Very important! Publishing a text or a photo or a piece of music or a video etc. on the world wide web (WWW) also known as the internet… doesn’t mean the intellectual property rights (copyright) stop being in effect. Even on the internet one’s intellectual property rights are valid.

Just because a text (a poem or a novel or an article), or an image (a photo or a graphic), or a video or any forms of content are published (presented) on a website – those laws protecting the intellectual property still apply!

Sometimes, in articles and legislation regarding copyright, we may encounter the phrase “fair use”. Many people don’t understand what that means and make up fancy theories to excuse their ignorance and their guilt of stealing. The simplest way to explain the “fair use” is this:
If you wrote a novel and I am a literary critic, while writing a review or an essay or a thesis discussing your work – I may quote (giving the source, referring to your original work by edition, page number etc.) small chunks of text, like a paragraph or a sentence to illustrate what I write in my review. Using that kind of small portions of the original work are, usually, mentioned under “fair use”.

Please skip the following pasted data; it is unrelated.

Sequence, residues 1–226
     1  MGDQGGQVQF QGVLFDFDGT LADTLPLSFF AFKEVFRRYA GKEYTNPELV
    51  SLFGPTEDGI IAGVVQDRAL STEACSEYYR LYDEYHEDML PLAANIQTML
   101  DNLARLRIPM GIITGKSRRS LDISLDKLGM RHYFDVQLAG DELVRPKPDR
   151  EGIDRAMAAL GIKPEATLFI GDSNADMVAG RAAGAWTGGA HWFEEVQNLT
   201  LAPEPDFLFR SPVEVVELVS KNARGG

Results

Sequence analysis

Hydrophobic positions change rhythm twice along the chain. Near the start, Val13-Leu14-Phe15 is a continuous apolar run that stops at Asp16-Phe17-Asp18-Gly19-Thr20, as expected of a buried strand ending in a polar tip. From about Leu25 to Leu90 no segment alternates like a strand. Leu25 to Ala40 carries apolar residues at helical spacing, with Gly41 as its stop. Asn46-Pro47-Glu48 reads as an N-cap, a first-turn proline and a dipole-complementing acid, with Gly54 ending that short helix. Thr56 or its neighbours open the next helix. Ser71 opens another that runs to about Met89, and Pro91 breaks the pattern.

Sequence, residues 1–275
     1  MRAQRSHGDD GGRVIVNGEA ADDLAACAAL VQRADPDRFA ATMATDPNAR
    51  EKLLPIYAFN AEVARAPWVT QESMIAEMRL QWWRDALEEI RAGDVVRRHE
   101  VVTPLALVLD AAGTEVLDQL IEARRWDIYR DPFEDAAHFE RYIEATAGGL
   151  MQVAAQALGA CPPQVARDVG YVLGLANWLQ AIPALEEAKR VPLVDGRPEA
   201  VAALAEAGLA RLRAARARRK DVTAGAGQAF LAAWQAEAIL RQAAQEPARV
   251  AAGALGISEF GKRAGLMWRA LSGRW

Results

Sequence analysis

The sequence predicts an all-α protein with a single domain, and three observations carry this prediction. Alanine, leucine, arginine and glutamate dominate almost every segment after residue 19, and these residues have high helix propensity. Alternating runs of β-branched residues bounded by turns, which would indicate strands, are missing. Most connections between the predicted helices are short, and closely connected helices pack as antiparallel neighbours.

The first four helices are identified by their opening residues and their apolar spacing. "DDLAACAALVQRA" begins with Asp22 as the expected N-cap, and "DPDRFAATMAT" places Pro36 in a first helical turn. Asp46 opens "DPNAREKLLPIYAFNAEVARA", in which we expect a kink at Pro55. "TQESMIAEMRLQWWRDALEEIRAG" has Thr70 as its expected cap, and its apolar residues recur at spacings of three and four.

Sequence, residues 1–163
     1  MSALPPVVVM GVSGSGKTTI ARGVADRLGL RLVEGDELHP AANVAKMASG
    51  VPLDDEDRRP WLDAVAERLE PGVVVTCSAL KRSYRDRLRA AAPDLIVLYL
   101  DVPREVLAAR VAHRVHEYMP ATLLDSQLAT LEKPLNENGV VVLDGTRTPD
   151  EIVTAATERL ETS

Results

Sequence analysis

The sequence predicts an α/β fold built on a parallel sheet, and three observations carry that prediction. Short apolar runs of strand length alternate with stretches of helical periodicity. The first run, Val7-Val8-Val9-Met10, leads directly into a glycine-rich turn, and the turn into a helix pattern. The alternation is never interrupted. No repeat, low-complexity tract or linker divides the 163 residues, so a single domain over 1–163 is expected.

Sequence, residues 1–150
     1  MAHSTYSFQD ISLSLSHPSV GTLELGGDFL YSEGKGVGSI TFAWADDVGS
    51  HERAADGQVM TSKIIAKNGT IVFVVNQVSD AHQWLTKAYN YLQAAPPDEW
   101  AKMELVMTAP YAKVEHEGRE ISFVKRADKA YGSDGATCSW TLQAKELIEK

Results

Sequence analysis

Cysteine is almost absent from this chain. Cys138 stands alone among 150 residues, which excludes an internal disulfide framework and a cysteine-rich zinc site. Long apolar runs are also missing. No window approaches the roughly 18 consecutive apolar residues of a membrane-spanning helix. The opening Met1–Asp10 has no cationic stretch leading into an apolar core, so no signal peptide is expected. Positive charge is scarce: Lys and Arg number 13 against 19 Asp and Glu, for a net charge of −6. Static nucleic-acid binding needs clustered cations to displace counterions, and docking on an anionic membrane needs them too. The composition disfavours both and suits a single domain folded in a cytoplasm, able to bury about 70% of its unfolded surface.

Note: a text or image published on the internet doesn’t mean it is ‘fair use’ to steal it! (We have brethren thinking that is what “fair use” means.)

Social media.

While these outlets of social media (the different sites you are using, like Facebook, Twitter, YouTube) and sharing sites might have a bit different wording of the terms – they all mean the same when warning us that we should NOT post anything that we don’t have the right to do so. In other words, they are warning us against infringement of other users’ intellectual property right. Those terms will always have some kind of wording saying that you oblige to upload ONLY content for which you own the copyright.

Now, there is a very important difference in how we distribute certain copyrighted works. (Since we are discussing this on Facebook, I will use their example – although the idea is similar on other social media sites, as well.)

If your friend Oscar makes a post about his vacation to a dream location and in his post, he also publishes his own photography taken during said vacation… that is absolutely fine. He owns the copyright of the picture taken by himself, he is entitled to publish it anywhere in any ways he wants.